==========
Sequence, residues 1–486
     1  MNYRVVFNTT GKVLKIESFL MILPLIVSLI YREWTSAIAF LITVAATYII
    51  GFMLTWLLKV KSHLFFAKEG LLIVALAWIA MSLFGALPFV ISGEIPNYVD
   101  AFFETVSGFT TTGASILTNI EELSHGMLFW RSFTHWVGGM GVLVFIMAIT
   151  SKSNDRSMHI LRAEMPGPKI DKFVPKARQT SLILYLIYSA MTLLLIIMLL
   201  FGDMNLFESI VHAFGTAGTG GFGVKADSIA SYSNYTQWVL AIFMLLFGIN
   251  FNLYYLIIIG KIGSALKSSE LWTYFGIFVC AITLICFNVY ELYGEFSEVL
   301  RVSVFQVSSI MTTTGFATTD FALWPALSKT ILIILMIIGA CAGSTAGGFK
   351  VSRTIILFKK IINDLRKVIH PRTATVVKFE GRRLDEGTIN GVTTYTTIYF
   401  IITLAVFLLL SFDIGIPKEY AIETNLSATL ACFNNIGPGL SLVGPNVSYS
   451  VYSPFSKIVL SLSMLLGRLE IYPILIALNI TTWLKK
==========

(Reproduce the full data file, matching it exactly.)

Sequence, residues 1–486
     1  MNYRVVFNTT GKVLKIESFL MILPLIVSLI YREWTSAIAF LITVAATYII
    51  GFMLTWLLKV KSHLFFAKEG LLIVALAWIA MSLFGALPFV ISGEIPNYVD
   101  AFFETVSGFT TTGASILTNI EELSHGMLFW RSFTHWVGGM GVLVFIMAIT
   151  SKSNDRSMHI LRAEMPGPKI DKFVPKARQT SLILYLIYSA MTLLLIIMLL
   201  FGDMNLFESI VHAFGTAGTG GFGVKADSIA SYSNYTQWVL AIFMLLFGIN
   251  FNLYYLIIIG KIGSALKSSE LWTYFGIFVC AITLICFNVY ELYGEFSEVL
   301  RVSVFQVSSI MTTTGFATTD FALWPALSKT ILIILMIIGA CAGSTAGGFK
   351  VSRTIILFKK IINDLRKVIH PRTATVVKFE GRRLDEGTIN GVTTYTTIYF
   401  IITLAVFLLL SFDIGIPKEY AIETNLSATL ACFNNIGPGL SLVGPNVSYS
   451  VYSPFSKIVL SLSMLLGRLE IYPILIALNI TTWLKK